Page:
The RRN Research Digest provides a synopsis of recent research on refugee and forced migration issues from entities associated with the RRN and others.
You can download the digest in PDF format here: RRN Research Digest No. 89
Recent Publications and New Research
Bose, P. S. (2020). Refugees in New Destinations and Small Cities: Resettlement in Vermont. Palgrave MacMillan. No longer are refugees to be found only in major metropolitan areas and gateway cities; instead, they are arriving in small towns, rural areas, rustbelt cities, and suburbs. What happens to them in these new destinations and what happens to the places that receive them? Drawing on a decade’s worth of interviews, surveys, spatial analysis and community-based projects with key informants, Dr. Pablo Bose argues that the value of refugee newcomers to their new homes cannot be underestimated. More here (e-version is available now with purchase of a hardcopy).
Huddleston, T. (2020). Naturalisation in context: how nationality laws and procedures shape immigrants’ interest and ability to acquire nationality in six European countries. Comparative Migration Studies, 8(18). This article focuses on the interest and ability to acquire destination country nationality among non-EU-born adults in six European countries. The author explores how laws and procedures affect the interest of immigrants to acquire nationality and their ability to do so in practice. This article argues that both immigrants’ interest and ability to acquire nationality are largely driven by their context, but in very different ways, depending on their individual, origin and destination country characteristics. (Open access) Read here.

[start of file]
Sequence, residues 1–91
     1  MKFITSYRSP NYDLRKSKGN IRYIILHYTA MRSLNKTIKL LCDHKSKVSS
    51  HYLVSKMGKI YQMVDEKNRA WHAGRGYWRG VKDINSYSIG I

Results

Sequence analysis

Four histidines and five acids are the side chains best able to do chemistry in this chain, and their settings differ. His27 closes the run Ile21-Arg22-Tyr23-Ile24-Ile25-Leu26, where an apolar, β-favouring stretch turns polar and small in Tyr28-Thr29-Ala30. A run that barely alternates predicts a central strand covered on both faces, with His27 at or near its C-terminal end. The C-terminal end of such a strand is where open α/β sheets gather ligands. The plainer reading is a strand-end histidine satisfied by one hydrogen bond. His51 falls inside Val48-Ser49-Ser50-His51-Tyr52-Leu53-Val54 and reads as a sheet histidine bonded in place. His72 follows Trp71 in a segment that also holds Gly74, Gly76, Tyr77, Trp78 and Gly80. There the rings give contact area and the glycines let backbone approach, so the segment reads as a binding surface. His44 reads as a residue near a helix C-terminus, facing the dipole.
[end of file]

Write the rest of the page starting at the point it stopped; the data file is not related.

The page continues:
Foroutan, Y. (2020). Ethnic or Religious Identities?: Multicultural Analysis in Australia from Socio-Demographic Perspective. Journal of Ethnic and Cultural Studies, 7(1), 1-19. Focusing on the data of ethnic and religious identities in a multiethnic and multicultural context, this paper provides research-based evidence to explain whether and how significantly such data could be reliable from a social and demographic perspective. This paper argues that considering ethnic migrants belonging to the same category of religious affiliation as a single group without taking their ethnic origins into account, will lead to insufficient, incomplete, and misleading knowledge. (Open access) Read here.
Zambelli, P. (2020). Knowing Persecution When We See It: Non-State Actors and the Measure of State Protection, International Journal of Refugee Law, 32(1), 28–53. This article attempts to forge a more accessible framework of analysis for non-State actor claims. The suggested framework restores the absence of ‘State protection’ to its traditional role within the refugee definition of the 1951 Refugee Convention – as one prong of a test for persecution, not a stand-alone criterion for refugeehood. More here.
Amuedo-Dorantes, C., Bansak, C., & Pozo, S. (2020). Refugee Admissions and Public Safety: Are Refugee Settlement Areas More Prone to Crime? International Migration Review. The perception that refugees may engage in criminal behaviour has served as fuel for closing the door to refugees in the United States and Europe. The authors exploit variation in the geographic and temporal distribution of refugee resettlements across counties to ascertain if their presence can be linked to greater local violence in the case of the United States. The results fail to show any statistically significant evidence of refugee resettlements raising local arrest or offense rates. More here.
Report, Policy Briefs and Working Papers
Continuing Welcome by Stephen Kaduuli (June 19, 2020) Citizens For Public Justice (CPJ). This report analyses the federal government’s efforts to address the refugee sponsorship challenges raised by sponsorship agreement holders in A Half Welcome, CPJ’s 2017 report. The top concerns among sponsorship agreement holders were long wait times and backlogs, allocation limits, and travel loan repayments. This report tracks the progress while also addressing new issues such as additionality in sponsorship, SAH-government communication, family reunification, and program monitoring. Read here.